Human Nature Has Been a Subject Essay

Pages: 7 (2811 words)  ·  Bibliography Sources: 11  ·  Level: College Senior  ·  Topic: Biology

Human nature has been a subject of debate amongst the classical Chinese philosophers. Please present your understanding of this concept by focusing on one or two Chinese philosophers' perspective.

When considering good and evil, one must ask himself what is good and what is evil, not only when these two terms are being discussed in relation to man's actions, but also as two key concepts of human existence. It is our opinion that addressing any of these issues with a strong statement of either existent or nonexistent is an act of extreme boldness, because the two terms are often applied differently in cultures and societies. Take, for instance, death penalty: it involves killing, but it is something legal and embraced within certain circles because it is perceived as an act of punishment for one's horrible actions, and not as an evil deed, holding thus no moral consequences if the act of murder is toward an individual who "deserves" the punishment. Let us consider that capital punishment prevailed in many countries over the years and that it is only within the last century that attempts have been made to abolish it, while it is still applied today in several American states and other countries such as China and India, though much rarely employed. Likewise, many women in the Middle Ages were accused of witchcraft and sentenced to death by burning

. People then thought that magic came from the devil and that those who practiced it worshiped the devil; witches were accused of causing harm to societies and were blamed for a lot of what was going wrong within the communities. One of the most prominent figures to represent women throughout history is Joan of Arc, also to have been burned at stake for heresy and witchcraft. Nowadays, she is recognized a saint.

We would think that such issues belong within the obscurity and the darkness of Medieval times, but cases of alleged witchcraft were still being punished by torture and death not so long ago in Kenya. In 2008, eleven people accused of being witches were hunt down and burned individually by civilians. It is within the premises of such cases that we must ponder on human nature and morality. Is good or evil part of a universal structure of creation, meaning, do they exist as such in human nature, or must they be understood in the context of ages and civilizations, thus of culture and religious beliefs? If each individual has the right to live then, by sentencing one to death, however legally, does that not violate man's natural right? In such a case, is something as natural right even valid? Is it moral to apply such a punishment just because it conveys societal standards that it is "the righteous thing to do" according to someone's deeds? Are we born either good or bad and do we have a say in this? Such questions can be addressed in relation to various opinions and statements and have represented topics of concern for many philosophers since ages. A Chinese proverb exerts that a man cannot become perfect in a hundred years but he can however become corrupt in less than a day, which can lead one thinking that human nature is susceptible to doing harm rather than doing good and so the issue of whether or not "it is harder to change a man's nature than to change rivers and mountains" is rightfully derived from the context of goodness over evil and vice versa.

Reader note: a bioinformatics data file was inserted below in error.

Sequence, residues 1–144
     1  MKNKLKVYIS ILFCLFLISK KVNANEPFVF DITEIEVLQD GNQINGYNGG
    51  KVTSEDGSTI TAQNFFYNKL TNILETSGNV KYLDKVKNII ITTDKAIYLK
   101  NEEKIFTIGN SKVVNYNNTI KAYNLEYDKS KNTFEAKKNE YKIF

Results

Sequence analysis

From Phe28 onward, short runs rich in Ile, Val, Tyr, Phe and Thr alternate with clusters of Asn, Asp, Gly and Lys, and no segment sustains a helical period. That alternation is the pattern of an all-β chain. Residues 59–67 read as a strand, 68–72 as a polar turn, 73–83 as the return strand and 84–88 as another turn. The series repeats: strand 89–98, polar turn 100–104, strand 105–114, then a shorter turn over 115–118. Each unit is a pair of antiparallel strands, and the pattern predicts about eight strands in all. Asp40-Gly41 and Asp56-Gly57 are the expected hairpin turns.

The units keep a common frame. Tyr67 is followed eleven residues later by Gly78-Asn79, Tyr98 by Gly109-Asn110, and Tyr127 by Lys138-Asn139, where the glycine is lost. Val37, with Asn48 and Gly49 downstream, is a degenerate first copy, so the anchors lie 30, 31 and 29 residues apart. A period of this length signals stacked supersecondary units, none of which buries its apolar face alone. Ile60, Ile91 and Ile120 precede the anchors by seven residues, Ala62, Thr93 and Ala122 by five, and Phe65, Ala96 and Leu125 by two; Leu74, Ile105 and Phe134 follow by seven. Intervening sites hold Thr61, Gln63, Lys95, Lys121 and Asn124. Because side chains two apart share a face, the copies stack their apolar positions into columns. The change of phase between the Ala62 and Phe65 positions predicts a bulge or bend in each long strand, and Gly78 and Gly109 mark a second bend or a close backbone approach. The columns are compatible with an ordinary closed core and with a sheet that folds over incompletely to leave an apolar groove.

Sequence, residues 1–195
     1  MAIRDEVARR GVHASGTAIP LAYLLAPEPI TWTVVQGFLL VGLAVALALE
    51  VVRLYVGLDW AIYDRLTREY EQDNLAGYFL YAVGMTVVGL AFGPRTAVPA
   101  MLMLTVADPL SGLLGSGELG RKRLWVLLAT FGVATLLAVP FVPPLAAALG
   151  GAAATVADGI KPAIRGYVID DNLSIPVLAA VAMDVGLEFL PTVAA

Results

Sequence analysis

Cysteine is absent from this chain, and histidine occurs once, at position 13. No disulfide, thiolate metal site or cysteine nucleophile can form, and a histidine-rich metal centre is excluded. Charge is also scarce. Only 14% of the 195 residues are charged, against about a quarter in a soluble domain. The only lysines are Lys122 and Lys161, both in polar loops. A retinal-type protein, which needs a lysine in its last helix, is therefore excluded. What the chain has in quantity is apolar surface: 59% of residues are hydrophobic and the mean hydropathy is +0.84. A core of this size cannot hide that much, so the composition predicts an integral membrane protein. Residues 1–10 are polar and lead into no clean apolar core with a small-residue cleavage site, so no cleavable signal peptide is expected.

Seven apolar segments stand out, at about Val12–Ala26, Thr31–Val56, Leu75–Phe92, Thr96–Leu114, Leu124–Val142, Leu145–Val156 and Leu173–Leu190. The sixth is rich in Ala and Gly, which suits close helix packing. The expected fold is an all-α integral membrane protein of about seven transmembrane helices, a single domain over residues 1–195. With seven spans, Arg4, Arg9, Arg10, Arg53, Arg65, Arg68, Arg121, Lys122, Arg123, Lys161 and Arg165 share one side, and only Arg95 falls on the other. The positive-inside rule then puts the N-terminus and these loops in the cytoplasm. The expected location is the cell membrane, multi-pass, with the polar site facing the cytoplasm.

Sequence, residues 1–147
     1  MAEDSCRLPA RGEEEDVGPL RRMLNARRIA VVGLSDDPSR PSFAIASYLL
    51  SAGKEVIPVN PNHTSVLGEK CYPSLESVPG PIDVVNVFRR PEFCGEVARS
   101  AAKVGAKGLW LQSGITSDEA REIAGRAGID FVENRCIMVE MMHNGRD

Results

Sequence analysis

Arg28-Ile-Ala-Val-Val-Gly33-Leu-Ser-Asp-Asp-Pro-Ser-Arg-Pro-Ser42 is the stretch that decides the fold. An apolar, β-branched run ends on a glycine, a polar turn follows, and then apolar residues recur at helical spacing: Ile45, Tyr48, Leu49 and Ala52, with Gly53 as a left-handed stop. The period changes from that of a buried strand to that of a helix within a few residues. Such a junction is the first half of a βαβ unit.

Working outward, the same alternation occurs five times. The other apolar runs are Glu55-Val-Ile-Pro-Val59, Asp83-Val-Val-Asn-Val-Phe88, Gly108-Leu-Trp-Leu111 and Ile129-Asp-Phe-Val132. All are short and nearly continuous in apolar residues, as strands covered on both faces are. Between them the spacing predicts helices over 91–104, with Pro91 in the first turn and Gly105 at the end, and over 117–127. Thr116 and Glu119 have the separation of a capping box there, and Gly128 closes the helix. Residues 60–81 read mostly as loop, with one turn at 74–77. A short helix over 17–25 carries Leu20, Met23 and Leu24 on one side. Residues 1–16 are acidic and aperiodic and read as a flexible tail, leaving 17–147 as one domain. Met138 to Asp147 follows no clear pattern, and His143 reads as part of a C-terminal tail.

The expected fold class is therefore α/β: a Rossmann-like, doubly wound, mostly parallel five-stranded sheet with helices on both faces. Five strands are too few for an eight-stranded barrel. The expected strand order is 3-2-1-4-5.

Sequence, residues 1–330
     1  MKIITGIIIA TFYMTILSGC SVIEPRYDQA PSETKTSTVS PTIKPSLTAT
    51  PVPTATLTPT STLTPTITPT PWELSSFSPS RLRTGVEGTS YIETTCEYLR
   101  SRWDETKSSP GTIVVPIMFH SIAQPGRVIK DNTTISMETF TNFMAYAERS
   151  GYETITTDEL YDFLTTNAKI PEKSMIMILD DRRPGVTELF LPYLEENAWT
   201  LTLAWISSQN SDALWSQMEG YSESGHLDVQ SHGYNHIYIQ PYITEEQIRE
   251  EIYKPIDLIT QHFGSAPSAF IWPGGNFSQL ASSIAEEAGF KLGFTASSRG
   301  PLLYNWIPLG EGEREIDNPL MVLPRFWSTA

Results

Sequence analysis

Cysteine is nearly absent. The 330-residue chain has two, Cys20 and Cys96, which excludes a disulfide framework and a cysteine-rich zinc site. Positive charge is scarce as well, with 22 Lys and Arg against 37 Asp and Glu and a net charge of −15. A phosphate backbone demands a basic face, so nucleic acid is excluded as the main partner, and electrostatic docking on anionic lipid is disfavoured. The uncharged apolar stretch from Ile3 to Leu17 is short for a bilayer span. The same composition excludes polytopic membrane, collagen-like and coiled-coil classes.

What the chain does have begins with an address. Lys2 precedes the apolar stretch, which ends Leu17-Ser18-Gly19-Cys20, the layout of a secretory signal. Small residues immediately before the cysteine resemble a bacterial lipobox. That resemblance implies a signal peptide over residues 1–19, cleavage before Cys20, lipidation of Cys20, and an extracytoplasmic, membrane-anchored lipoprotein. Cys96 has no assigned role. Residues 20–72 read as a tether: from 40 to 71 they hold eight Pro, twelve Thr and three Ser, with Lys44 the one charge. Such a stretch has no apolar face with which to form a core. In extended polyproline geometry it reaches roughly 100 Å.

Chinese philosophy during the classical period was a boast of "Hundred Schools" which gave rise to so many philosophers that scholars felt it was important to classify them according to the nature of the studies they were preoccupied with. Thus, six fundamental schools were recognized within the range of classical Chinese philosophers and two more were added later by Liu Xin. It was within the fourth and early third centuries that the Jixia Academy attracted philosophers such as Mencius who, among other philosophers belonging either to Confucianism, Daoism, Mohims, Sophism, Yangism and others, raised questions over human nature, the goodness or evil pertaining to humankind and other ethical issues.